I recently watched this great talk by Andrew Stanton when he addressed the TED conference. For those of you who don’t know, Andrew Stanton is the script writer for Nemo, A Bug’s Life, Wall-E and more recently, John Carter. This talk is short but covers some great aspects of story. I’ve summarised some of the most basic points below but I would suggest that you go and take a look for yourself (warning: the talk contains some bad language).
- Every moment is leading to a “punch-line”. Every moment is preparing the reader for that final climax.
- Make the audience care.
- Unifying theory of 2+2... Let the audience put things together.
- Character has a deep underlying motivation (even if it’s unconscious). What drives your character? (See my post on What your character needs)
- Change is fundamental in story. William Archer - Drama is anticipation mingled with uncertainty.
- Storytelling has guidelines not hard fast rules.
- Characters with flaws can still be likeable.
- Theme pulls everything together and echoes throughout every scene.
- The secret sauce: can you evoke wonder? (when an artist does that to another artist you feel compelled to pass that on – Andrew Stanton)
- Use what you know – draw from it. Capture a truth from an experience.
I haven’t yet seen John Carter and I’ve read such mixed reviews about it. Some people are hailing it as a throw-back to old school science-fiction while others are calling the actors wooden and the story thin and full of holes. Either way, I’m still looking forward to seeing another imagined world. I suppose I’m just too hungry for science-fiction to be too picky and after watching this talk by Andrew Stanton I have to admit I’d simply like to support his artistic endeavours – however thin and holey they might be. I find it difficult to judge art knowing pieces of someone’s heart went into it. That’s probably why I’ll never be a critic of any kind.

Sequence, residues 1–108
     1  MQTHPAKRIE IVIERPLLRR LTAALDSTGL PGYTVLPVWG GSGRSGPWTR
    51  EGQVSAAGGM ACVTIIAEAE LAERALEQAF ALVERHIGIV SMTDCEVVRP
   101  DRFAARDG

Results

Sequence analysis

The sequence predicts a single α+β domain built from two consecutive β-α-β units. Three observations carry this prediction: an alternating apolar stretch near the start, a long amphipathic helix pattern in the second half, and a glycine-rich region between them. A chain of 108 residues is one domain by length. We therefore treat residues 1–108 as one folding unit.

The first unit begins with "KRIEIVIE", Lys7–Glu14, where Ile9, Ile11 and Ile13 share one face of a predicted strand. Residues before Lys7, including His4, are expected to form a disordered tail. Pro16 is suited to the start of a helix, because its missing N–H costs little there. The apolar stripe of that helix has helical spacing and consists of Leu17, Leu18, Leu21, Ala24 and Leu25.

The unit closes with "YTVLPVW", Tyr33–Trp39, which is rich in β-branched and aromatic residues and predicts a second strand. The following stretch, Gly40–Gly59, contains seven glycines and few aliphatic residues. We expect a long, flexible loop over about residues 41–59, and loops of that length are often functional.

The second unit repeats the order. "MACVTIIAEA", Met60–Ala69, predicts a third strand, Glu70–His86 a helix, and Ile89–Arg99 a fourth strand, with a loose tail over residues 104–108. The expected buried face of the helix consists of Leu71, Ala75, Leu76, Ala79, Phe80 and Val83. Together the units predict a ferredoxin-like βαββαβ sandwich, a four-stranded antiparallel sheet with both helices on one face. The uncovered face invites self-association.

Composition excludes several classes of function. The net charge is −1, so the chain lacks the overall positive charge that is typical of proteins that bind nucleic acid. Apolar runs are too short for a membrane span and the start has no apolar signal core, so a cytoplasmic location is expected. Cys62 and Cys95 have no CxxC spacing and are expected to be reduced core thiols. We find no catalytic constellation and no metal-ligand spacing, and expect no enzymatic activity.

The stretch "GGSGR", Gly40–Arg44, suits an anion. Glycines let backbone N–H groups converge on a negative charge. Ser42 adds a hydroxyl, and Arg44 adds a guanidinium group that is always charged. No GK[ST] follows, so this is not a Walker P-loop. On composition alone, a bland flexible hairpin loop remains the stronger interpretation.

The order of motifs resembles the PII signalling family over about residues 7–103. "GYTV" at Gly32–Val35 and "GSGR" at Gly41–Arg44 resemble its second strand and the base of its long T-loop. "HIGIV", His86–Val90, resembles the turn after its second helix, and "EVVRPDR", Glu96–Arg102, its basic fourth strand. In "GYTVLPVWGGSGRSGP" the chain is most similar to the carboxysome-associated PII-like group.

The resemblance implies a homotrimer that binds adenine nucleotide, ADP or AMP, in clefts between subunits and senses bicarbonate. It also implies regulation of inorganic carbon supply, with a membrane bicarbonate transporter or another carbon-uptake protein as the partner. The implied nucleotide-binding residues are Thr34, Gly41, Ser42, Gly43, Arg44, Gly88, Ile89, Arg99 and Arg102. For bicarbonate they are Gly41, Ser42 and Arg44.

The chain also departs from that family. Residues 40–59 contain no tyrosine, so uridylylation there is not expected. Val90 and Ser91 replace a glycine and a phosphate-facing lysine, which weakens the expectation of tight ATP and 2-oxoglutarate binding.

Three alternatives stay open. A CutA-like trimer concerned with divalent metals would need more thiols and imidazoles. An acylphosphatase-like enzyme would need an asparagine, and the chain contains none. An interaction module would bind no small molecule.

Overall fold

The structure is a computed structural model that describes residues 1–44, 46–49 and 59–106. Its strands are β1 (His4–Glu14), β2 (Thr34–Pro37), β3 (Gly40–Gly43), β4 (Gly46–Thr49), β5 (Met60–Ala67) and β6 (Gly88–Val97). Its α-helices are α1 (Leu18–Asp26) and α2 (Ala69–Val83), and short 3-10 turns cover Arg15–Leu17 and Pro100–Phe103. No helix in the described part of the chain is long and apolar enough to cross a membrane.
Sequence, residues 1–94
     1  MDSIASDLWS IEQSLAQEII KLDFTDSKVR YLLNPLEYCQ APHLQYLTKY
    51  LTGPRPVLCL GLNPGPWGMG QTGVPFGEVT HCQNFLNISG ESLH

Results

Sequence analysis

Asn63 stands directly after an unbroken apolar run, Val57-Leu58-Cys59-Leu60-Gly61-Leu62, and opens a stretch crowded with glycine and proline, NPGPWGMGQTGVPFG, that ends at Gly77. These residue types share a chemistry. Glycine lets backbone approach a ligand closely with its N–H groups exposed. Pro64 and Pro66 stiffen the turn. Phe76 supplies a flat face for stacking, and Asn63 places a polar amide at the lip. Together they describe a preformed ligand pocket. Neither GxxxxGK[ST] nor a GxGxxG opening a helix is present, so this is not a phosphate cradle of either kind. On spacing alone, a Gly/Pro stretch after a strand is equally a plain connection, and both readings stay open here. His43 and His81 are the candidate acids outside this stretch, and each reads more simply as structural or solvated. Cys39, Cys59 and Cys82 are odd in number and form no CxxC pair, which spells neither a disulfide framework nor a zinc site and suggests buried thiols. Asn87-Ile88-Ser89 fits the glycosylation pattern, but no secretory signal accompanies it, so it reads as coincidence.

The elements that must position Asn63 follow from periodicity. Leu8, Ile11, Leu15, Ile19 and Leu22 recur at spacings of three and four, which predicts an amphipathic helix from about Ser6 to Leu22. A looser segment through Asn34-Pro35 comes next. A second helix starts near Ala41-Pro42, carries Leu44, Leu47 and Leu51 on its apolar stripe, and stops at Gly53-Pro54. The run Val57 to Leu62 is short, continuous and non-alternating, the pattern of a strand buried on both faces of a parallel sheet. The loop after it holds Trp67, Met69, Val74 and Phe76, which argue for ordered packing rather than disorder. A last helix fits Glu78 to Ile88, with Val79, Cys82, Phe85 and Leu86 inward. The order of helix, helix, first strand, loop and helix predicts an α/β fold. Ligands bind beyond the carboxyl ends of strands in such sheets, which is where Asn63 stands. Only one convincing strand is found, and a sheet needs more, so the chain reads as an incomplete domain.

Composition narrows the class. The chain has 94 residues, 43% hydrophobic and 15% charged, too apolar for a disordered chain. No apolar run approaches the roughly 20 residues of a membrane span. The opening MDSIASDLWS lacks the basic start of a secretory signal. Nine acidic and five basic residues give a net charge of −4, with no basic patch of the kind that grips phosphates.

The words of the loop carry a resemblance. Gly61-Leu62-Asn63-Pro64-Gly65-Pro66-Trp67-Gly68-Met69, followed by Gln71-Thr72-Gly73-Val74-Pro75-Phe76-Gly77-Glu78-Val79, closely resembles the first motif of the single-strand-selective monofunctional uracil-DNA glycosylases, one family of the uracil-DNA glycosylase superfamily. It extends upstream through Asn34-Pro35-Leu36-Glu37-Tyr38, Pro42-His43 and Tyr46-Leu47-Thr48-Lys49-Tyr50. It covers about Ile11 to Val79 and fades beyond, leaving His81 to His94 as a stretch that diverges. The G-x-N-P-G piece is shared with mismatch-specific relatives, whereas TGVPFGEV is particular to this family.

One of my favourite movie critic’s (and author) is Jeffery Overstreet (you can read his interview on this website here) had some interesting views on this film which you can read here.
I know this post has been all over the place but that’s a little of what is happening in my brain right now – threads of spider-web that are spiralling out in every direction but are somehow linked together. That’s what happens when I get stuck into my stories.